They have names like Sparkle, Frostbite, and Glitter. You can buy entire wardrobes for them, and purchase coordinating pets and accessories. There are dozens of Pinterest pages dedicated to their shenaningans.
Elves on the Shelves are sweet-looking dolls that reappear after Thanksgiving. But don’t be fooled by those innocent little faces: the elves are holiday informants with a mission to complete. They fly to the North Pole every night in December to report your child’s successes and failures to Santa, then land in a new location each day for your kids to discover.
Good elves are wholesome – you will find them drinking hot chocolate. Bad ones get Barbie into compromising positions, then take Polaroids. Smug overachievers stage elaborate holiday vignettes for Instagram. Those showboats annoy those of us with slacker elves that forget to move.
The excitement of racing through the house to see where the elves settled is supposed to be a sweet, charming part of a child’s Christmas. But for me, it’s 30 days of being held hostage at 6 a.m. by these tiny tattlers in Santa hats. Our elves “magically” reappeared after my 8-year-old daughter, Karolina, came home from school crying because every third grader’s elves had arrived but hers.
That night Elfina and Snowflake Golik were liberated from a box in the garage. Or maybe they flew back from the North Pole. I’m not sure.
The next morning, Karolina discovered one elf straddling a bottle of merlot, and the other sprawled facedown in a potted plant. I think they were surprised to hear little girl footsteps unexpectedly coming into the kitchen and landed wherever they threw themselves. Or were thrown.
Either way, my daughter went to school proud to tell everyone that our elves had arrived. And that Elfina was drinking wine and Snowflake fell asleep in an orchid.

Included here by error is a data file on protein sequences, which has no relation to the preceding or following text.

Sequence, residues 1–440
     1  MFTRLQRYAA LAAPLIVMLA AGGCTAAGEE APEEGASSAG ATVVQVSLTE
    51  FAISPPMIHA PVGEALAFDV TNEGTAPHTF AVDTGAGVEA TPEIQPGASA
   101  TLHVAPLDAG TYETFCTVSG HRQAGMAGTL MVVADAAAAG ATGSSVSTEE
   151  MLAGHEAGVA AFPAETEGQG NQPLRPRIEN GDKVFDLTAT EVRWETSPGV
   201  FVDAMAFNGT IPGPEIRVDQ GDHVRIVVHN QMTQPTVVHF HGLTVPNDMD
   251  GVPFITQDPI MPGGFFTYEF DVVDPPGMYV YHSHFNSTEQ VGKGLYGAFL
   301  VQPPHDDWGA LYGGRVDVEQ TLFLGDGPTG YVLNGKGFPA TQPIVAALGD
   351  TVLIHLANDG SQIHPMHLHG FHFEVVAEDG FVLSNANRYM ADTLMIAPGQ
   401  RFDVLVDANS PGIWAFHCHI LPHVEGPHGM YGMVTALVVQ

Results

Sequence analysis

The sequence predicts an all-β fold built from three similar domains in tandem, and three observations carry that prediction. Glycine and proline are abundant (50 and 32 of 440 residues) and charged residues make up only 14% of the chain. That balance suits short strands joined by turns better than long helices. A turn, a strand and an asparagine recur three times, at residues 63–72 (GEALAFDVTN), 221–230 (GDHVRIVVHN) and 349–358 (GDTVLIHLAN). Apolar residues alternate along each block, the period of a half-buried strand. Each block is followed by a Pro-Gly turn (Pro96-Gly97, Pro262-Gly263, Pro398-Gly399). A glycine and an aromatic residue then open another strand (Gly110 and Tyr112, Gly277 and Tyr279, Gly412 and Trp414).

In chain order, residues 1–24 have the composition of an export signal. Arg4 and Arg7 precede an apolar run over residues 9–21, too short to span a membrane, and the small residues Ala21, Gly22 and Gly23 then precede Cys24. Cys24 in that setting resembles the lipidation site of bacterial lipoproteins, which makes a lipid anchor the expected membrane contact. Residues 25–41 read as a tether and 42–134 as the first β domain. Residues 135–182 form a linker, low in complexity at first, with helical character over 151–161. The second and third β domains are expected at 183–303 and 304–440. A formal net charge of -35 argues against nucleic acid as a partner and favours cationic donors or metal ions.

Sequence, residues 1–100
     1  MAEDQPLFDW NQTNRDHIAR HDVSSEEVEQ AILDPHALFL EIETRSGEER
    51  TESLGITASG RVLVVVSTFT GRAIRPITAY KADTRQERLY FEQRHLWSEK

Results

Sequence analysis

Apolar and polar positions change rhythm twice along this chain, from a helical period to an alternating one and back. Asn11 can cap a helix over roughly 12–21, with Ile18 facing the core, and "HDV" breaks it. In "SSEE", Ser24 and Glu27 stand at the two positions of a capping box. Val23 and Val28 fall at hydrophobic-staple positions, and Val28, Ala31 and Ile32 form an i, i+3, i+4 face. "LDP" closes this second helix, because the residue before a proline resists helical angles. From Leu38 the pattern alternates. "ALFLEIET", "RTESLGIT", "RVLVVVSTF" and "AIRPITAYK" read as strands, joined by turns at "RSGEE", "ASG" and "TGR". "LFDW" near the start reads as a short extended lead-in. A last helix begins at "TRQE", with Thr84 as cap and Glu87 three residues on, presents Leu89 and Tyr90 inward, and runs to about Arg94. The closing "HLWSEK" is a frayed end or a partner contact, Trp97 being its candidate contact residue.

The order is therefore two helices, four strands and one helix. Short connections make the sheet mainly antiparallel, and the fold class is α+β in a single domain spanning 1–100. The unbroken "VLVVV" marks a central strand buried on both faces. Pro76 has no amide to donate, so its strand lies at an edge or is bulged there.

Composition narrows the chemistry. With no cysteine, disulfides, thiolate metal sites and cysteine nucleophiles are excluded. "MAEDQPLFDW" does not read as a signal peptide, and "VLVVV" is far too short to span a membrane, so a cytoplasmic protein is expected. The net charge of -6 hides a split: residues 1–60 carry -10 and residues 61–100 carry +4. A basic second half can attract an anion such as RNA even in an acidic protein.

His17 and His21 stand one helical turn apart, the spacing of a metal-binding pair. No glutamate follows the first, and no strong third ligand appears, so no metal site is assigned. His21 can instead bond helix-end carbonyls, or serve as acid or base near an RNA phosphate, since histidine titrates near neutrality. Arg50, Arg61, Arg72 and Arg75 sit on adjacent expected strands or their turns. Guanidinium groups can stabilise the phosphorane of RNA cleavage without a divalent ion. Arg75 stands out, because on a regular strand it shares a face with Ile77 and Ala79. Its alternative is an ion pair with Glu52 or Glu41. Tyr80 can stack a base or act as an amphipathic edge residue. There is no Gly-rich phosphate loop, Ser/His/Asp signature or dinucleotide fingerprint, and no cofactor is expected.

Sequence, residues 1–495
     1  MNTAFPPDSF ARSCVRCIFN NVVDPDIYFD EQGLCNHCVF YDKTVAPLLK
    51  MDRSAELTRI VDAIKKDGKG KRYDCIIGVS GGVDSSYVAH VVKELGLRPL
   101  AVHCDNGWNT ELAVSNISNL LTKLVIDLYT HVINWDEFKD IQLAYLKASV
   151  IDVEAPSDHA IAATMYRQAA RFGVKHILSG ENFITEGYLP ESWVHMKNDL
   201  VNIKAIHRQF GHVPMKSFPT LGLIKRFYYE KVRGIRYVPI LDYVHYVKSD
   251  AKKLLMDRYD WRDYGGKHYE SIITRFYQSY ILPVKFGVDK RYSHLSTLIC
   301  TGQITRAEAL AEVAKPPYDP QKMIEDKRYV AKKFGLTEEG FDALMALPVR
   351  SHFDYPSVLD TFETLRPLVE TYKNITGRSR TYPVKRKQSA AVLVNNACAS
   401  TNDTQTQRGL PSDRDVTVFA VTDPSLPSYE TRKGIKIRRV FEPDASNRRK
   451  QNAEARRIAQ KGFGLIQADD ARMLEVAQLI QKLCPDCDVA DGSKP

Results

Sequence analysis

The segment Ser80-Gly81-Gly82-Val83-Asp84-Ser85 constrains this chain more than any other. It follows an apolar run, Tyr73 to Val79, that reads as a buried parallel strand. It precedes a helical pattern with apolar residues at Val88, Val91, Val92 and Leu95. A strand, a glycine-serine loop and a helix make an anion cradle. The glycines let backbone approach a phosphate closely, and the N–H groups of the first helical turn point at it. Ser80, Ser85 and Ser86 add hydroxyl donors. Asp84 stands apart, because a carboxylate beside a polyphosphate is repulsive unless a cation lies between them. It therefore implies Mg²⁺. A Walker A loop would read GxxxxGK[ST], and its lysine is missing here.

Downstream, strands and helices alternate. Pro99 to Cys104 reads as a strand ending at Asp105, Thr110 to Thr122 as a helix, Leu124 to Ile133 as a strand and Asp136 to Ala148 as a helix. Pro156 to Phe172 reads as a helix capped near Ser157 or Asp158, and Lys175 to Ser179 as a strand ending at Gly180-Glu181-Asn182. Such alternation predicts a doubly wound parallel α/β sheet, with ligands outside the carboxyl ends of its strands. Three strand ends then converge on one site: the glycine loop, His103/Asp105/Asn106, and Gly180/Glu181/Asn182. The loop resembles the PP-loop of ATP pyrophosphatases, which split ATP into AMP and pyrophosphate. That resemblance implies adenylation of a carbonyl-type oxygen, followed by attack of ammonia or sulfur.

As December progressed, these elves have been challenged to find creative places to land after their exhausting nightly flights to the North Pole. That trip is so tiring that they couldn’t move for two consecutive days. Alarmed at their inertia, Karolina urgently wrote them a note, “I am so worried that you haven’t moved! PLEASE write me back to tell me why.”
Unable to pen a response because perhaps her handwriting looks so much like mine, Snowflake instead folded that note into a little tricorn hat. It was dangling precariously off her head like a lampshade when we discovered her the next morning sitting on a Lumberjack nutcracker’s lap.
I think Snowflake is a troublemaker. And I can only imagine what Karolina told the other third graders.
But I’m pleased that Elfina and Snowflake have gotten their act together, and moved every day the last two weeks. They’ve parked in Barbie’s pink car under the Christmas tree. One morning they were in the dining room, reading “The Night Before Christmas.” They even surprised my daughter with a set of tiny nutcracker ornaments.
I’ve been proud of our elves for bringing their A game, and making good, wholesome decisions.
I’m always up early to find Snowflake and Elfina. Since elves relocate in the morning hours, mothers have to be awake before their children to “check” and make sure they moved. But Saturday, I slept late.
Worried about another elf failure, I found my husband sitting on the couch with our smiling daughter wearing her Christmas pajamas. I glanced at the coffee table where the elves had been the night before.
“Are you looking for the elves, Mommy?”
My husband owns a fragile antique German cuckoo clock. Beautifully hand-carved with forest creatures, it’s hung on a wall so high that I can’t reach it. It’s treasured, and nobody touches it except him. But while I was sleeping, the elves somehow climbed up on it.
Karolina laughed and pointed at them, their arms carefully wrapped around the delicate horns of the stag at the top of Daddy’s old, special clock. And as my happy daughter talked about how great those elves were and how they had never landed in that spot before, those drinking, nutcracker-chasing little informants watched us.
Christmas is almost here. Elfina and Snowflake will head back to the North Pole soon. Or get boxed up to spend another Fresno summer in our garage. But for at least one more December, they brought their holiday magic for my sweet little girl. And when they flew off the clock, headed to the North Pole that night to file another report about us, I hope Santa was happy with what they had to say.
Dawn Golik lives in Fresno with her husband and their two daughters. You can email her at firstname.lastname@example.org, and follow her on Twitter (@DawnGolik) or on Instagram (@mommygolik).